US20060206834A1 (en) 2005-03-08 2006-09-14 Salesforce.Com, Inc. Systems and methods for implementing multi-application tabs and tab sets
US20120095959A1 (en) * 2005-12-05 2012-04-19 Tianlong Chen Apparatus and Method for On-Demand In-Memory Database Management Platform
US20070220497A1 (en) 2006-03-15 2007-09-20 Microsoft Corporation Synchronicity in software development
US20070271315A1 (en) 2006-05-02 2007-11-22 Mypoints.Com Inc. Robust silo based system architecture
US7792792B2 (en) * 2006-05-22 2010-09-07 Microsoft Corporation Synchronizing structured web site contents
US20070282919A1 (en) 2006-06-01 2007-12-06 Research In Motion Limited Method and apparatus for synchronizing of databases
US20070288614A1 (en) 2006-06-12 2007-12-13 Research In Motion Limited Method and apparatus for folder synchronization and management
US7849114B2 (en) 2006-06-19 2010-12-07 International Business Machines Corporation Method, system, and program product for generating a virtual database
US20080016129A1 (en) * 2006-07-13 2008-01-17 International Business Machines Corporation On-demand replication in a content management system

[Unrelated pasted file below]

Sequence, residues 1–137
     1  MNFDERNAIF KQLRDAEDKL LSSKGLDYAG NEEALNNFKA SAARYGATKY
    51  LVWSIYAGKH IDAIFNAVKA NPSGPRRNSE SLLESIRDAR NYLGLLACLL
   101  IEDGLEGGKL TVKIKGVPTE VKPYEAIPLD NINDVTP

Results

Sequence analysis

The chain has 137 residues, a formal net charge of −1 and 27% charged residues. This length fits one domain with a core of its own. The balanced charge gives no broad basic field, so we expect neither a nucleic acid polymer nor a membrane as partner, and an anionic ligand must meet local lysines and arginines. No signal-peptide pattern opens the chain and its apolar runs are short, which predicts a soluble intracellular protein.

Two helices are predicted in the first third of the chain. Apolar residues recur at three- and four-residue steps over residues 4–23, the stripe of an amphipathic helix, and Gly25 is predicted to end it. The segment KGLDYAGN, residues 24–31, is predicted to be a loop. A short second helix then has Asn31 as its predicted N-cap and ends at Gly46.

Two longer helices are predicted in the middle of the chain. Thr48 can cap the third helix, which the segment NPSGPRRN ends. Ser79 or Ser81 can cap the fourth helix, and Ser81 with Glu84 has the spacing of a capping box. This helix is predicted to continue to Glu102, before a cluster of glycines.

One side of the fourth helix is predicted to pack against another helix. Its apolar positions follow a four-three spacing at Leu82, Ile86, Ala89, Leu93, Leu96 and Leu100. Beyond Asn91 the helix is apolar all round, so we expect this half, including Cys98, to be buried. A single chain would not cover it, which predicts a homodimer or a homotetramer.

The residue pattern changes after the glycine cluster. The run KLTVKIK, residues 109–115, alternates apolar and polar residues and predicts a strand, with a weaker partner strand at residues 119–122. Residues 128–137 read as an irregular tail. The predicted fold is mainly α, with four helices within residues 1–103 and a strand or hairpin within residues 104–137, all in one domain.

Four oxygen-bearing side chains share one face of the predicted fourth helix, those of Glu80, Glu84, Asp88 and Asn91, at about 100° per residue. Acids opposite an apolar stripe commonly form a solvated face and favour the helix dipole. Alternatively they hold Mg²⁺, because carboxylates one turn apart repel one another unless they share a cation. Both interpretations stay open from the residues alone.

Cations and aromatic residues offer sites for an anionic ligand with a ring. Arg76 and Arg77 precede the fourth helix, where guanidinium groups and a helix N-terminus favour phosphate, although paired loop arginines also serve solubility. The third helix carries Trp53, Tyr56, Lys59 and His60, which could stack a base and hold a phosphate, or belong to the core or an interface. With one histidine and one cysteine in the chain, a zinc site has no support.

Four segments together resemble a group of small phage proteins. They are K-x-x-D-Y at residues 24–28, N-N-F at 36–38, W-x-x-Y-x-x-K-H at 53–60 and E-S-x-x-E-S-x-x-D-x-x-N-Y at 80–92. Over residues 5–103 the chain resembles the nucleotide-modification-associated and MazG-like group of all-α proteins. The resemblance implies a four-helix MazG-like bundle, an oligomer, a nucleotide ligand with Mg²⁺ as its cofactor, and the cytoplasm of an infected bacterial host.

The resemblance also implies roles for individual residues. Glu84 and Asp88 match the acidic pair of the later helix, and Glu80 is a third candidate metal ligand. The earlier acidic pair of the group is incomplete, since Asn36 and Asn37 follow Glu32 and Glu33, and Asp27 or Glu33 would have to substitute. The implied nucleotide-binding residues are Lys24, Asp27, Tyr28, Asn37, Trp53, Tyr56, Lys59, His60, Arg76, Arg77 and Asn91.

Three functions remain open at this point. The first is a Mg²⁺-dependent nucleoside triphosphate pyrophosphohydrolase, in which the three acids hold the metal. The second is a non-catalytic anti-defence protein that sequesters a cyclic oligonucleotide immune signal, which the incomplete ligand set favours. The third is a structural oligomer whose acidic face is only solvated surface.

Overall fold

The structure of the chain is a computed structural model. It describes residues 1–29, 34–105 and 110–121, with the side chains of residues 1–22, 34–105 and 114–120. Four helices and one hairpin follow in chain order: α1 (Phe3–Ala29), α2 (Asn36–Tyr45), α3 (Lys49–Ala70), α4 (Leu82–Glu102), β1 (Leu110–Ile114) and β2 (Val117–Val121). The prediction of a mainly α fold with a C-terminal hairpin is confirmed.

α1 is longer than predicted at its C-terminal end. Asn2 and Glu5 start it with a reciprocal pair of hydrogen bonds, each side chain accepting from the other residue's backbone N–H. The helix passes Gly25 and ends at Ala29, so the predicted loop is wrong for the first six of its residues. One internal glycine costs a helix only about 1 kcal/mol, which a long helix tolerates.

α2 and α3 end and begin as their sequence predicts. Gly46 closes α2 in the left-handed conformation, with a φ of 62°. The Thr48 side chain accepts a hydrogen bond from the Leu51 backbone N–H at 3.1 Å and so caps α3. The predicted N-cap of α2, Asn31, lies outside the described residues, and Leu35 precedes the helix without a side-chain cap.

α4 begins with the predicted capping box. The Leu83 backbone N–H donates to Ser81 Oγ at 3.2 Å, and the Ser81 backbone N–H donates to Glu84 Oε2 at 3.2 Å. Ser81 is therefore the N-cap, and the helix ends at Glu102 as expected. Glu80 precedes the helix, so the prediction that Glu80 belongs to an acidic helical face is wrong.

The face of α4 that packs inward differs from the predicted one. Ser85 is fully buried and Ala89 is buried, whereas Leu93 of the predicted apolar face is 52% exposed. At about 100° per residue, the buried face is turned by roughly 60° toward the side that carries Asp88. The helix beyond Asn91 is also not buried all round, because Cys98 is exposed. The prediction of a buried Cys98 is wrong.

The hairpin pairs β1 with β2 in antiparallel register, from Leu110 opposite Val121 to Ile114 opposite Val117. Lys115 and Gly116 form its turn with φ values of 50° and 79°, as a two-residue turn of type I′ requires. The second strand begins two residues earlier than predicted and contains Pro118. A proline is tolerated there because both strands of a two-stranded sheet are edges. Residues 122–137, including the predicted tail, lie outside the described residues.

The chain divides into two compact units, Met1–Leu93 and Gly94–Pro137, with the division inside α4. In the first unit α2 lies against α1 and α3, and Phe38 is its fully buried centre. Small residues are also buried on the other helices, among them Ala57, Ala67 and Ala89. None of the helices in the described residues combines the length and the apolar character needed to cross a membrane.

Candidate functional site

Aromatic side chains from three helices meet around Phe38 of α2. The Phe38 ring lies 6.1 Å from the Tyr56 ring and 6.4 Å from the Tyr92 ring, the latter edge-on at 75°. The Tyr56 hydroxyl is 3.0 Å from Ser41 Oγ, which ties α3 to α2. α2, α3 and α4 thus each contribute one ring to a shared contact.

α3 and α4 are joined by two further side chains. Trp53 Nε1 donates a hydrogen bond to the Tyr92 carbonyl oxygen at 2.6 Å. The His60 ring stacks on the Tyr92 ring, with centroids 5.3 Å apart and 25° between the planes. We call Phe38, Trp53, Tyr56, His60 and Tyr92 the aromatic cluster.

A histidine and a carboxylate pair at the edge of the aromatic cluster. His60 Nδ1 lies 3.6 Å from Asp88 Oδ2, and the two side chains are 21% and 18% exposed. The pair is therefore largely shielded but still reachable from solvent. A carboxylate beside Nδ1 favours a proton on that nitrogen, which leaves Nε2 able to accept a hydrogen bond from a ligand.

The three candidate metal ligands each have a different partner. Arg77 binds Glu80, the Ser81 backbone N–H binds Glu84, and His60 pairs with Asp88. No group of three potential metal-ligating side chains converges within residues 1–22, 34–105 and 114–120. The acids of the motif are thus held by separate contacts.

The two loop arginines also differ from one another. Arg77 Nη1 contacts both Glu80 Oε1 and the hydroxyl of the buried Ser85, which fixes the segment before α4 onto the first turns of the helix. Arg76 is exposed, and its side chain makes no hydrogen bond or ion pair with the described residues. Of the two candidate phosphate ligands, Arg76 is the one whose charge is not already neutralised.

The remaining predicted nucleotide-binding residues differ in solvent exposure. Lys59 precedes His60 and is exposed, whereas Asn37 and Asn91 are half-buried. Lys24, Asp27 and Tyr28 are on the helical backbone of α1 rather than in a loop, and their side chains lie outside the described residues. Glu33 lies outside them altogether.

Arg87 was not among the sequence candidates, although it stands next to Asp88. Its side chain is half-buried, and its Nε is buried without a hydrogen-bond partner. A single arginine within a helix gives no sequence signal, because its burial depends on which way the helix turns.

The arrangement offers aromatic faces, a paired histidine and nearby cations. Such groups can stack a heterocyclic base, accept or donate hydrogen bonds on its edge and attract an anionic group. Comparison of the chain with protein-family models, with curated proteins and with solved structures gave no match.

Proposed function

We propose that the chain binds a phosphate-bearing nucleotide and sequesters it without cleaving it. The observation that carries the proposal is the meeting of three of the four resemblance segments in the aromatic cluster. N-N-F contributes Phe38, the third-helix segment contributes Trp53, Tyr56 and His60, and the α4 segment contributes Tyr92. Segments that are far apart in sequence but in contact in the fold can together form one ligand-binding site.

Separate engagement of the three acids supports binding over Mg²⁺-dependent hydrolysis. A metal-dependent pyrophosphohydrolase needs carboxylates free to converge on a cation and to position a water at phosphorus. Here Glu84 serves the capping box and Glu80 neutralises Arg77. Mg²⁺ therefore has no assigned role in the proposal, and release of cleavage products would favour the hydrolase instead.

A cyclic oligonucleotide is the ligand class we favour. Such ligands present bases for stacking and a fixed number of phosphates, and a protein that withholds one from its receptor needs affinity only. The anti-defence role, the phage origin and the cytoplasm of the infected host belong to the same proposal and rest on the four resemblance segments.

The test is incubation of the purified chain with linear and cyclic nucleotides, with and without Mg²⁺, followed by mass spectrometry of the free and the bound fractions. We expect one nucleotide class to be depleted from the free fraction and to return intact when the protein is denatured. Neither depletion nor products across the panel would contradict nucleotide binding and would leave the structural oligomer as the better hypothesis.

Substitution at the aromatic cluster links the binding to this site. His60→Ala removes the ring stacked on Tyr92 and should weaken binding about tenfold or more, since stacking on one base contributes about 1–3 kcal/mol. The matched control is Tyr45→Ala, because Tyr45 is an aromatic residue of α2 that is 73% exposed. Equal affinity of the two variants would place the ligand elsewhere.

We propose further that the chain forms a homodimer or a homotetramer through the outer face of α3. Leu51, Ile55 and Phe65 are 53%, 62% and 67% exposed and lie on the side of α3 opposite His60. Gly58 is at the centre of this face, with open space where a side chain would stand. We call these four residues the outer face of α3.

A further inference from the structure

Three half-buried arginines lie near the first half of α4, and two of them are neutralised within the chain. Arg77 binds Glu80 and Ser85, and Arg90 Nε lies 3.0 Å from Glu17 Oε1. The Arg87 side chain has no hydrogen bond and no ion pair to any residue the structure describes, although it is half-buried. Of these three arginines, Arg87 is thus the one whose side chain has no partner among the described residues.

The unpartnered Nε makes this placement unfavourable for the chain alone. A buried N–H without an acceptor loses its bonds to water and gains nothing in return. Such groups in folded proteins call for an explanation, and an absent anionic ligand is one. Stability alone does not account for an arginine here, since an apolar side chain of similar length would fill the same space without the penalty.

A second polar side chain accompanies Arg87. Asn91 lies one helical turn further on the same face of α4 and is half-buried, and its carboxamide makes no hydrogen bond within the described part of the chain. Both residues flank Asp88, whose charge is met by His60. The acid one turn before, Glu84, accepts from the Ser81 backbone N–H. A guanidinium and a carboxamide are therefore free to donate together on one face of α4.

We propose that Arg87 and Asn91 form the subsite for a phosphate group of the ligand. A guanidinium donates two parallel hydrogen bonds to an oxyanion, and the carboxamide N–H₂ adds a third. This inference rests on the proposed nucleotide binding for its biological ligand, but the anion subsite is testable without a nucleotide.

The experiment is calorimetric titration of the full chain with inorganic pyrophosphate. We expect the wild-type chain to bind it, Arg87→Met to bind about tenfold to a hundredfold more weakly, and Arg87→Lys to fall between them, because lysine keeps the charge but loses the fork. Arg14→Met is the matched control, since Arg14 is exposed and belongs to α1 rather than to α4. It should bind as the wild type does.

US7730478B2 (en) 2006-10-04 2010-06-01 Salesforce.Com, Inc. Method and system for allowing access to developed applications via a multi-tenant on-demand database service
US8082301B2 (en) 2006-11-10 2011-12-20 Virtual Agility, Inc. System for supporting collaborative activity
US20090063415A1 (en) 2007-08-31 2009-03-05 Business Objects, S.A. Apparatus and method for dynamically selecting componentized executable instructions at run time

Cited By (2)

* Cited by examiner, † Cited by third party
Publication number Priority date Publication date Assignee Title
US9854039B2 (en) 2006-10-02 2017-12-26 Salesforce.Com, Inc. Method and system for synchronizing a server and an on-demand database service
CN106155837A (en) * 2015-04-20 2016-11-23 阿里巴巴集团控股有限公司 Primary and standby library data restoring method and device

Also Published As

Publication number Publication date
US20140250065A1 (en) 2014-09-04